Taps run dry as drought grips Queenstown
Main dam is at 10% capacity
People in the Queenstown area of the Eastern Cape have been struggling to get water for months. The main dam is at 10%; the augmentation scheme cannot cope with demand; and a new dam project is more than a year behind schedule.
Spokesperson for the Chris Hani District Municipality Thobeka Mqamelo said the water problems are due to the severe drought gripping the area for the past three years.
Areas affected are Mpolweni, Mlungisi, Ezibeleni, Phase 5, Sabatha Dalindyebo, KwaThemba, Mabuyaze, Nomzamo, Magxaki, Top Town and Blue Rise. Some of these places only receive tap water for two hours a day.
Bonkolo Dam, which is Queenstown’s main water source, is hovering below 10% capacity. Water is now being drawn from the Waterdown Dam, 60km from Queenstown. However, Waterdown was only ever meant to augment Bonkolo.
“The amount of water we are getting from this source is inadequate due to pipeline limitations,” said Mqamelo. “The pipeline was constructed as an emergency relief. We are only able to get 250 litres per second instead of 500 litres per second, which will ensure our reservoirs maintain enough capacity to supply the community.”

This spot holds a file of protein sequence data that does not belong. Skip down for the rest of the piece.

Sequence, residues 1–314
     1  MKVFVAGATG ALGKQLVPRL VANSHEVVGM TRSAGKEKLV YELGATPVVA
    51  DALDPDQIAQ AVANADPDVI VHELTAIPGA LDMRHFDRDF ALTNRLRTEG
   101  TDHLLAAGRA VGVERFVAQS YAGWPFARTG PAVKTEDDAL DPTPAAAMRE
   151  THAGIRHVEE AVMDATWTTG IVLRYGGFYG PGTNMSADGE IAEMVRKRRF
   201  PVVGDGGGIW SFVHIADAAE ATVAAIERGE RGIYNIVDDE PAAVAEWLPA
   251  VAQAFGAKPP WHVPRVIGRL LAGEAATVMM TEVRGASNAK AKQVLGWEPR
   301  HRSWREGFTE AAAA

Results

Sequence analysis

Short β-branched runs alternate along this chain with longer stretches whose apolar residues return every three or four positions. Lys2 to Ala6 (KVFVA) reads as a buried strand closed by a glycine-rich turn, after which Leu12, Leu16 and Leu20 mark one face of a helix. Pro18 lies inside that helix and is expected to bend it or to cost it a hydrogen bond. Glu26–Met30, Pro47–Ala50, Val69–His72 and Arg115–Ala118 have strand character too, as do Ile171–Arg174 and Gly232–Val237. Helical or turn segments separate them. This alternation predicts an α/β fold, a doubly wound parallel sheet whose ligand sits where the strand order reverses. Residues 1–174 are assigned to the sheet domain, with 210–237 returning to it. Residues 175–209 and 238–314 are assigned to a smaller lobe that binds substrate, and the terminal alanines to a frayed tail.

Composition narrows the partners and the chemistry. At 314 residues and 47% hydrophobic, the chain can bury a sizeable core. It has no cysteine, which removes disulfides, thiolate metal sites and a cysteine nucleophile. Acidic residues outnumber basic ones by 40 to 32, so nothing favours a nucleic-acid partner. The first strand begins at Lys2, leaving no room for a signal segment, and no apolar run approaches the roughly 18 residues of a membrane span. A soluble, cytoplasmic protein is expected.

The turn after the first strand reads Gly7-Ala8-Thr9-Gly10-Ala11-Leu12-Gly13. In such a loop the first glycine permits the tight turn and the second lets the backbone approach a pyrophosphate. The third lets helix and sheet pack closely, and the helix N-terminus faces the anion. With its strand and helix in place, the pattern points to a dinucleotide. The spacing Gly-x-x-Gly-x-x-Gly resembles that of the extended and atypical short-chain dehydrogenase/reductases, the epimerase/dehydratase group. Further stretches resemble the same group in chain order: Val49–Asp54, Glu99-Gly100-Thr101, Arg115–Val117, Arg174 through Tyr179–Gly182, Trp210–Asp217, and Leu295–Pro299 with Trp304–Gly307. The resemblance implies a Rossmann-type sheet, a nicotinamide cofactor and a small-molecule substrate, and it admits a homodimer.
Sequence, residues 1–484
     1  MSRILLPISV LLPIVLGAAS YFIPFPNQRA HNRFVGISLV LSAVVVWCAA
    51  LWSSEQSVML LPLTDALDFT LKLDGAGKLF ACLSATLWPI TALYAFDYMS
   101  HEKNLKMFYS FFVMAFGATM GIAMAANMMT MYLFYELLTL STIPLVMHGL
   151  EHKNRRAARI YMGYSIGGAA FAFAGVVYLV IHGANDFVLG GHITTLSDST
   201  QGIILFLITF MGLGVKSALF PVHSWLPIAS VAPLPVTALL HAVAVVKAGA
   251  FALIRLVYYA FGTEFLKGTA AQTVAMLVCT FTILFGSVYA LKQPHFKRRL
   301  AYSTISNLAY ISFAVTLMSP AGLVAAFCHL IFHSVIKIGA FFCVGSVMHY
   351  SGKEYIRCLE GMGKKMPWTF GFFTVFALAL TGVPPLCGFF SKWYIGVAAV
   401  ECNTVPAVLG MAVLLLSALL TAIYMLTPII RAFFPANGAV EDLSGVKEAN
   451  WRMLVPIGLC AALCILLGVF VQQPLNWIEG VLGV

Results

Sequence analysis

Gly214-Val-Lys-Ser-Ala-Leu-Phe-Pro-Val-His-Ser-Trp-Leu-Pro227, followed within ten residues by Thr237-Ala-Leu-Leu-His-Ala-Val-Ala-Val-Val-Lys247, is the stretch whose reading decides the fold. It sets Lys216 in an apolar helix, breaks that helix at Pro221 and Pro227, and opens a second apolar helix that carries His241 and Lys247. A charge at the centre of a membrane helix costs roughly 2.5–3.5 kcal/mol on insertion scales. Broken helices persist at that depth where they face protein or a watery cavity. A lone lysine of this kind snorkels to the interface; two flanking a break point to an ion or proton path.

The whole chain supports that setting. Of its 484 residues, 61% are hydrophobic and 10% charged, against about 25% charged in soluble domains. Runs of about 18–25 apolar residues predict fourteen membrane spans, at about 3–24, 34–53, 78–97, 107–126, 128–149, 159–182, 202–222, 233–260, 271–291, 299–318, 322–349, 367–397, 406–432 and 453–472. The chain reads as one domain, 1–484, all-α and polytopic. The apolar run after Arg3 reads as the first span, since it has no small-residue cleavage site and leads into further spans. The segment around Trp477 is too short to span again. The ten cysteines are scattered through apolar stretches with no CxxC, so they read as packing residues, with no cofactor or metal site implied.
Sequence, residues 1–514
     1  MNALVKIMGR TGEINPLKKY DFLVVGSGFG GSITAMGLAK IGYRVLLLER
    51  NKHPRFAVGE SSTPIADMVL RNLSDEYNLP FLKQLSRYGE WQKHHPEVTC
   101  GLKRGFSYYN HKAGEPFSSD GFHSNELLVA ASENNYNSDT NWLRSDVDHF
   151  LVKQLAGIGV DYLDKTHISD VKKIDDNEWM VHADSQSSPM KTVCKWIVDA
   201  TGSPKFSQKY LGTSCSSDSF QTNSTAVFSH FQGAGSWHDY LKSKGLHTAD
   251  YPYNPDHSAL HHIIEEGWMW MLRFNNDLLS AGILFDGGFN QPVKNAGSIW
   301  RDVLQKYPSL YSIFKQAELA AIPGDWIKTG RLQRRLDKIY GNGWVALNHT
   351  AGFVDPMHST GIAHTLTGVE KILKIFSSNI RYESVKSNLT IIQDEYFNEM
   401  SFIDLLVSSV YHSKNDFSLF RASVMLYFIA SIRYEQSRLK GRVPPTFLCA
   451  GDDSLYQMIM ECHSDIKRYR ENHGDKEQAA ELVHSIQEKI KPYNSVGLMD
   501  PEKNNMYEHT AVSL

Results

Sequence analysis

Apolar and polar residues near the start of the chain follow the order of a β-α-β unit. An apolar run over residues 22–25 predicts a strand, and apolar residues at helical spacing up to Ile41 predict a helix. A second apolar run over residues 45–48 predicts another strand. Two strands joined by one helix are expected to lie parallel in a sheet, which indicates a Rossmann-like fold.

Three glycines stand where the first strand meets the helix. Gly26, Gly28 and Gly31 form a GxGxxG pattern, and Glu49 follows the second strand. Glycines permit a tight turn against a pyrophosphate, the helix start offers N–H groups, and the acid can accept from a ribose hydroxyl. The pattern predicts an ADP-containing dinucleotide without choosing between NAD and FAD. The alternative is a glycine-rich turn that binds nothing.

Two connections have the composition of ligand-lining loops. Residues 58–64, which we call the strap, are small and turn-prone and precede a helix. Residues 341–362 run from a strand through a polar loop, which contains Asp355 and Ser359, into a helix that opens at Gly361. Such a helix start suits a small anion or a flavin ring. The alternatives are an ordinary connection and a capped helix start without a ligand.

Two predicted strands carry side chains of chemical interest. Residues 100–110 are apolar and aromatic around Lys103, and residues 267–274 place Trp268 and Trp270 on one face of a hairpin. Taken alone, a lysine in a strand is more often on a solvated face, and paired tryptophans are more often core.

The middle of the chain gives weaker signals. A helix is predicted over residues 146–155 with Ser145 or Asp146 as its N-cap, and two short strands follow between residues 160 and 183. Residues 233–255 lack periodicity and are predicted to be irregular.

Consequently, since January 2016, “the municipality instituted water restrictions meaning water supply is cut from 8pm to 4am to allow for our reservoirs to fill up,” said Mqamelo.
She said townships in hilly areas are the worst affected, such as Mpolweni. Residents now rely on Who Can Tell location and Mark Bright location, which is almost a kilometre away. However, both of these also run dry. Then residents have to walk two kilometres to get water.
Sinoxolo Mali from Mpolweni said, “Since 2016 water has been on and off but as from late last year things became worse. We are not receiving water at all in this area.”
“Carrying a 20-litre bucket full of water is not child’s play, but we get used to it,” said Mali.
Babalwa Siko of Mpolweni is storing water in drums next to her house. “I’m hoping that this water will last my family for a few days because I’m always at work and my children go to school,” she said.
Siseko Dushu from Mlungisi said his area only received water for two hours and some days not at all. Sometimes they get water in the early hours of the morning for an hour and again in the afternoon. Sometimes the water is back on but people are away at work and miss it.
Mqamelo said the R82-million phase 5 of the Xonxa Dam Transfer Scheme, which involves the Xonxa pump station, was a year behind schedule. The original contractual completion date was 3 May 2017, but there had been problems with the standard of work from a subcontractor, which had to be redone; an electrical line which had to be rerouted by Eskom; and payment disputes. The new expected date of completion is September 2018.
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